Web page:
During the explanatory memorandum to the Rare Earth Approval Order, some obiter dictated remarks were made regarding the effect of recognition via Chapter 15 of the US Bankruptcy Code. It has been suggested that, as the Rule in Gibbs provides that a debt is considered discharged only if it is compromised in accordance with the law of the jurisdiction which governs the law of debt, substantive proceedings may be required in that jurisdiction to guard against possible attacks elsewhere . It has been indicated that Chapter 15 cannot be considered substantial insofar as it does not itself function as a US-governed compromise or debt relief.
Accordingly, it has been said that an “offshore” arrangement (e.g. in Bermuda or the Cayman Islands) merely recognized in the United States cannot bind a creditor (e.g. in Hong Kong) that did not participate to the foreign arrangement process.
Subsequently, in the context of the Modern Land decision, the US bankruptcy court ruled that some of the Hong Kong court’s comments in Rare Earth were not correct under US law. The United States Bankruptcy Court ruled in Modern Land that a Cayman Islands plan of arrangement recognized as a main proceeding under Chapter 15 would constitute a substantial discharge of debt governed by New York law. This is an important clarification for lawyers and restructuring office holders.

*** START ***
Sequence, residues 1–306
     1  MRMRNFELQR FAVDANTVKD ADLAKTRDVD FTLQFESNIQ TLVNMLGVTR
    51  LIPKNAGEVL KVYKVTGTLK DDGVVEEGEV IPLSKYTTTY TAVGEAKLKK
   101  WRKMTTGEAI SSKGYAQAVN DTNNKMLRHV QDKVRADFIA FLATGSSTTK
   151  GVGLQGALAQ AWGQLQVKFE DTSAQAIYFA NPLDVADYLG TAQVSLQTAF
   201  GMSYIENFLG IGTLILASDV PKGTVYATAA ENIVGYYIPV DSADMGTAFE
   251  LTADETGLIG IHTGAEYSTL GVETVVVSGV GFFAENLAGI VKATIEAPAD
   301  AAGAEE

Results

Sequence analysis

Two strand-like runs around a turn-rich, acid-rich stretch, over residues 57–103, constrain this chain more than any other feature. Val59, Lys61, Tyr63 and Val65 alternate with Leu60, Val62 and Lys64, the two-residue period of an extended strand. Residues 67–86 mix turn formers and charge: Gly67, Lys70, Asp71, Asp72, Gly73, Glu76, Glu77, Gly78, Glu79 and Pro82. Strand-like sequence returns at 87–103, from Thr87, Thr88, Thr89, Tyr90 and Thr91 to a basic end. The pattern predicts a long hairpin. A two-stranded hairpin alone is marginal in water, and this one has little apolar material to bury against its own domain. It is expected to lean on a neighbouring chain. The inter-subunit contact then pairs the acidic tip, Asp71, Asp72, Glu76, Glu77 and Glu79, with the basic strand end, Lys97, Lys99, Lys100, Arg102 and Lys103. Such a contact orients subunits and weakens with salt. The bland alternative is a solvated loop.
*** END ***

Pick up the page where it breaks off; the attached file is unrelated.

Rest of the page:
It should be noted that after receiving submissions and additional evidence on this point, the U.S. Bankruptcy Court was satisfied that Modern Land had its center of primary interests (COMI) in the Cayman Islands and that the Cayman Project could be recognized as a “foreign project”. main proceedings”. In US law, under Chapter 15, the debtor’s head office is presumed to be the center of the debtor’s main interests, although this presumption can be rebutted.
As noted in Modern Land’s notice, neither Modern Land nor any of its creditors had filed for liquidation in the Cayman Islands. There were also no independent, court-appointed agents to oversee the process. Instead, Modern Land negotiated a restructuring support agreement and made a consensual arrangement based on it.
In determining whether COMI was in the Cayman Islands, the U.S. Bankruptcy Court observed in Modern Land that the debtor would have had a “case easier if [officeholders] had been appointedin the Cayman Islands. This is consistent with analysis of previous cases involving Cayman Islands companies in US bankruptcy court, such as Fairfield Sentinel and Suntech Power Holdings. Therefore, in addition to the obvious benefits of fiduciary oversight and court protection, it is clear that, at least from a U.S. perspective, the appointment of independent officials can help establish a presence and a connection to a particular jurisdiction.
In light of the decision in Modern Land and the current focus on debt restructuring of Cayman Islands corporations, the new restructuring agent regime is timely and should be a key part of the options analysis for directors and advisers of Cayman Islands companies.